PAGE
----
Design of measurement strategies for workplace exposures
- Correspondence to: Dr H Kromhout, Environmental and Occupational Health Division, Institute for Risk Assessment Sciences, University of Utrecht, PO Box 80176, Yalelaan 2, 3508 TD Utrecht, The Netherlands;
Measurement strategies for hazard control will have to be efficient and effective to protect a worker's health and well being. No measurement strategy for hazard control will ever be cost efficient in the short run when it is compared with the promises of tools such as the Control of Substances Hazardous to Health (COSHH) essentials (box 1): “a simple system of generic risk assessments which leads to the selection of an appropriate control approach”.1 Going straight to benchmark standards without the need of exposure measurements will certainly eliminate the cost of measurements. However, generic risk assessment tools like COSHH essentials and expert systems like the Estimation and Assessment of Substances Exposure (EASE)2 (box 2), as well as expert judgement by an occupational hygienist, are known to be inaccurate and they do not take into account the various components of variability in exposure levels (box 3). In fig 1, results of EASE estimates are compared with actual measured concentrations. From these pictures it can be seen that EASE estimates tend to be (1) higher than the measured concentrations, and (2) inaccurate especially at lower “true” concentrations (< 50 ppm and < 5 mg/m3). Nowadays, the latter exposures are being more relevant for workplaces of the developed world.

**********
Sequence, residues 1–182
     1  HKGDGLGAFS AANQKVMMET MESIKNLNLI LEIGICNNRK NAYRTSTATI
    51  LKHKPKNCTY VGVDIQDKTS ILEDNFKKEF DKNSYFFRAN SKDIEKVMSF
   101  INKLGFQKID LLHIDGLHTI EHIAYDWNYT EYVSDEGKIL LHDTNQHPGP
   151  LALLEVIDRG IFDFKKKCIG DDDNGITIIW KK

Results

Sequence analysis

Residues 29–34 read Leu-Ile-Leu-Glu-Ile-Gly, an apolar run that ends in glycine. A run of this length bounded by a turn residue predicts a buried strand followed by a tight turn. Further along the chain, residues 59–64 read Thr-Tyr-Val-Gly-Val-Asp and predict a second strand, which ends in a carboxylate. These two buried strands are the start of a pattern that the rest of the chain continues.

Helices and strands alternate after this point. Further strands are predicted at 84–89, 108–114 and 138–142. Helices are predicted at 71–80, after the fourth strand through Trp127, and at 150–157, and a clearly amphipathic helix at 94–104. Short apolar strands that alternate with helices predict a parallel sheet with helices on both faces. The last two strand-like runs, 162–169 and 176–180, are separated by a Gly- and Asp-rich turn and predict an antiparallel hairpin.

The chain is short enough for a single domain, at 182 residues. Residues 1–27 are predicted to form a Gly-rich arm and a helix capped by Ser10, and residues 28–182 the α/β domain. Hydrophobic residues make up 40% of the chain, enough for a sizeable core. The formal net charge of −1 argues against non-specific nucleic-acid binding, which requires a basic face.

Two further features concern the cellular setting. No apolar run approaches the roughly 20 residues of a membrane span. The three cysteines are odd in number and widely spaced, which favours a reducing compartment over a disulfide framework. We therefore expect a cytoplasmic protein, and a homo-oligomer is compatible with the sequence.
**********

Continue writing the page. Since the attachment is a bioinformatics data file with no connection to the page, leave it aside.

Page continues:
Box 1 Control of Substances Hazardous to Health (COSHH) essentials: easy steps to control chemicals
▸ Generic risk assessment tool aimed at controlling exposure and meet legal duties by a one stop approach
▸ Aimed at the employer
▸ Primarily focused at chemicals supplied for use at work
▸ Not meant for hazards arising from work activities (for example, wood dust, welding fumes, oil mists, etc), chemicals like pesticides and veterinary medicines, naturally occurring and biological hazards, and a few agents such as lead and asbestos with their own regulations